PFDAVAdmin and Exchange 2007

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If you have never used PFDAVAdmin (Public Folder DAV-based Administration Tool) to manage public folders and mailbox permissions, take a look at it, it’s a pretty nice utility. It’s not a new tool, but it can help you to do a lot of things “in bulk” that you might not have done as easily otherwise or at least certainly not as quickly. PFDAVAdmin works with Exchange 2000/2003/2007.

When working with Public Folder permissions on Exchange 2007 the tool is a great addition, for everyone who might not be that confident with managing PF permissions though the Exchange Management Shell (EMS) and would like a GUI for it.

However working with PFDAVAdmin on Exchange 2007 servers, I have seen this “error” message:
‘Could not expand https://localhost/exadmin/admin/mydomain.com/public%20folders/ : name cannot begin with the ‘0’ character, hexadecimal value 0x30. Line 1, position 386′

The reason for this error is because PFDAVAdmin uses Microsoft .NET Framework 1.1 (Exchange 2007 uses the .NET Framework 2.0) and if that is not installed, you’ll get the error message above.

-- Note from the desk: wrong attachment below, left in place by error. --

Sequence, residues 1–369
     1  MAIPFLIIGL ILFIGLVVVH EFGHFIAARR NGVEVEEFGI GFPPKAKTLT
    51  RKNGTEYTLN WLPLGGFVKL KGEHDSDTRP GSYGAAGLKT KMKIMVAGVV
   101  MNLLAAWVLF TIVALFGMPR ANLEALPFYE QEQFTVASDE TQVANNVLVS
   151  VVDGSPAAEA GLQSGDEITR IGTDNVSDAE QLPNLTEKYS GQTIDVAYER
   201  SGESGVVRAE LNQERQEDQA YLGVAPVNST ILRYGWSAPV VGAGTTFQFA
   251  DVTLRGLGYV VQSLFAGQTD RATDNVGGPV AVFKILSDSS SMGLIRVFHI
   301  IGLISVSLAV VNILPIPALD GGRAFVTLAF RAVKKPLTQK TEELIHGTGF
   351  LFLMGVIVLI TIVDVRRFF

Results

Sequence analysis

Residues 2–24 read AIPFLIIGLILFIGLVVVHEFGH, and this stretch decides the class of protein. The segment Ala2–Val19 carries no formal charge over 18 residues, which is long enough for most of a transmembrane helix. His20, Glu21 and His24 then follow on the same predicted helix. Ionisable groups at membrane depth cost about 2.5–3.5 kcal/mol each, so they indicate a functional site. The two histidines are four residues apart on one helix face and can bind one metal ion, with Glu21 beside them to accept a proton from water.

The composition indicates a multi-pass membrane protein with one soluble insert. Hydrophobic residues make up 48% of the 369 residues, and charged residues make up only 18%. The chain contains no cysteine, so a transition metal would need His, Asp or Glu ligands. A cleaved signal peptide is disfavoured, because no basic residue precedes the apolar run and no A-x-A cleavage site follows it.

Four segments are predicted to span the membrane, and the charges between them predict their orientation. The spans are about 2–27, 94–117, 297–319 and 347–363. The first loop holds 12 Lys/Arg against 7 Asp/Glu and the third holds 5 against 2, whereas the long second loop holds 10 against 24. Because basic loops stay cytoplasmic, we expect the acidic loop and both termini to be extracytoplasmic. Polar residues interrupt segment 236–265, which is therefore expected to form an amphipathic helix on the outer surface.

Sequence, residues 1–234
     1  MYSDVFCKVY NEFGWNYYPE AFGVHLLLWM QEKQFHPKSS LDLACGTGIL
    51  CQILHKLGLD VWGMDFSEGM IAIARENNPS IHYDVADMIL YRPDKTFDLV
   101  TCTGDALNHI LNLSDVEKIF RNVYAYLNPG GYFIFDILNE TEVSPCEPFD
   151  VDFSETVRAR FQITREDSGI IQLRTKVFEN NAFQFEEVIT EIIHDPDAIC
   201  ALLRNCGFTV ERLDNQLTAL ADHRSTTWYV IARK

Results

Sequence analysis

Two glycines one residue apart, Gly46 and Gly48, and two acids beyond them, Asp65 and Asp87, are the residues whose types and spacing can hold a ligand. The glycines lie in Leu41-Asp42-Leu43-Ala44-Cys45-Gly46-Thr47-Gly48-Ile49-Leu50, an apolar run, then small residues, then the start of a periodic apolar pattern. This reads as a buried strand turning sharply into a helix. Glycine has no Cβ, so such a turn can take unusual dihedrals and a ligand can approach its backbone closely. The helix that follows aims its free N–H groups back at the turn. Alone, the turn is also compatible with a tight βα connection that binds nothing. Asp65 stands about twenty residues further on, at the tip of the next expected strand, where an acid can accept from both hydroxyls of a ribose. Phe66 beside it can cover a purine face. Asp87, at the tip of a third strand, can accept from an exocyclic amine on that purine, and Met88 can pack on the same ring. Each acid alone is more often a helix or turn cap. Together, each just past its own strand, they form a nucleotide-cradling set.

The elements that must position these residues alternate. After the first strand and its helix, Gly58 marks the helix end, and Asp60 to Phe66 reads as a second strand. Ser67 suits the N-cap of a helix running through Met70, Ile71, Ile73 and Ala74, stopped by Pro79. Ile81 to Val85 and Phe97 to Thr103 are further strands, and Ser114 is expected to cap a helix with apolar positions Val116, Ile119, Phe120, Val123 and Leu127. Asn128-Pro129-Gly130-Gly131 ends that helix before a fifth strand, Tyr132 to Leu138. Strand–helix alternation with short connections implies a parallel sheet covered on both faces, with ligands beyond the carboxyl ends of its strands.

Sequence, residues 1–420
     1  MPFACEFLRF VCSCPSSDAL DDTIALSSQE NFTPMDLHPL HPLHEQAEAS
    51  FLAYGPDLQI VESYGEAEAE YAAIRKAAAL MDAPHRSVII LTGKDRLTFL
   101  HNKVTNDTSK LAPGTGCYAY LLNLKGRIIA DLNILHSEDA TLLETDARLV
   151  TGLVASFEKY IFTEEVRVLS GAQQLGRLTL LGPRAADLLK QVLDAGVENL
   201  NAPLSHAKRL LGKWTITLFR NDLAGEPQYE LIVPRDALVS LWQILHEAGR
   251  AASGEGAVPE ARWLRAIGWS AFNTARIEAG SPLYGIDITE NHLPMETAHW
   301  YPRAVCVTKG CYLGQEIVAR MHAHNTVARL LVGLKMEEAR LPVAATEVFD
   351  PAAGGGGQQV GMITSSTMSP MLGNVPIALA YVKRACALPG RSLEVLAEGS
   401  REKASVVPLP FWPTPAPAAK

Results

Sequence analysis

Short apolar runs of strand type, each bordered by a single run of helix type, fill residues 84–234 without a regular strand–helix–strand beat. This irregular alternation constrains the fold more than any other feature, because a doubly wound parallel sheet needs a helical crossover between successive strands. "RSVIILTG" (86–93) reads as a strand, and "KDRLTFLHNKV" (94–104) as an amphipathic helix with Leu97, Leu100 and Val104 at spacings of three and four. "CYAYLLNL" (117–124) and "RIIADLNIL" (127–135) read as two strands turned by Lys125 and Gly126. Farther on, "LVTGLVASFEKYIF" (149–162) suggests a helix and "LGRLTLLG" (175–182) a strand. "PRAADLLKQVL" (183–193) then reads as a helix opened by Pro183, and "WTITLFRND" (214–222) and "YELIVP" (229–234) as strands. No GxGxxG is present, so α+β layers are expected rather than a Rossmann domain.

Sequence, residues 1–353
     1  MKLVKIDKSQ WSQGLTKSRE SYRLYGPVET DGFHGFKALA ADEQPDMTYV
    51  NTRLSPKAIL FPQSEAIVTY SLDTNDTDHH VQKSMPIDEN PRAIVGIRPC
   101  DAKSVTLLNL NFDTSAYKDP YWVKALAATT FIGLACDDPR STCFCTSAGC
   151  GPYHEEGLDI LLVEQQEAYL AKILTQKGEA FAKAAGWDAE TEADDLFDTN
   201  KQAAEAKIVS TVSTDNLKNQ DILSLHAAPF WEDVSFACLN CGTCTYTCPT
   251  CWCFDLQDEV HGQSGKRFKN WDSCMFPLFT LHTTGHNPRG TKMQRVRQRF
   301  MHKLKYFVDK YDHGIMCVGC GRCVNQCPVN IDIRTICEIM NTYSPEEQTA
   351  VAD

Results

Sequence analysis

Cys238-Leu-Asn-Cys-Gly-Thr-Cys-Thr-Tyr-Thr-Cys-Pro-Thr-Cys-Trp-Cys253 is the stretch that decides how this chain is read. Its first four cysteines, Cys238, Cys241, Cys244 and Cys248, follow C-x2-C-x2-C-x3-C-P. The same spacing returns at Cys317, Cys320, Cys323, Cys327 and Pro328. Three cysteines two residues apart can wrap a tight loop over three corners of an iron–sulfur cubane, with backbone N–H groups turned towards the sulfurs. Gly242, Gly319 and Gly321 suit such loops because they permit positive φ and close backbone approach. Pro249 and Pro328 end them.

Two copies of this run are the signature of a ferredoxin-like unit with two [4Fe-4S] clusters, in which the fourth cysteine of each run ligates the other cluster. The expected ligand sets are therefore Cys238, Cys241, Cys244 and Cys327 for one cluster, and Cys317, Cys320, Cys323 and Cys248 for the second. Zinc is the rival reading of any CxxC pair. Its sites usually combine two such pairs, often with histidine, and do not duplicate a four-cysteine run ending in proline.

Microsoft recommends using PFDAVAdmin from a workstation, not from the console of the Exchange 2007 server, though. So if you get this message, do NOT install the .NET Framework 1.1 on an existing Exchange 2007 server. You risk breaking the Exchange Server 2007! If you really want to run PFDAVAdmin from the console of an Exchange 2007 server, you would need to install the .NET Framework 1.1 prior to building Exchange.

Even so, using PFDAVAdmin from the workstation is much more desirable and recommended.

Download PFDAVAdmin here.

About Author

Peter is an Exchange specialist with over 15+ years of experience with Exchange Server and certified Microsoft Certified Master (MCM) and Microsoft Certified Solutions Master (MCSM) on Exchange Server. He has been awarded the Microsoft MVP award, every year since 2007. He is active in the Microsoft community and User Group Leader for CoLabora (a danish UC & Cloud User Group). He works as an Cloud & Infrastructure Architect and Consulent, with primary focus on Exchange, Office 365, Azure and Skype for Business.

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  1. Its too bad that MS kept Public folders. They are just cancerous entities. I’ve been in orgs where we had none and/or they just got whacked. That was a fun day for us IT pros. Now however looks like we have to deal with Public folders up until Exchange 2010…
    Rats!!!

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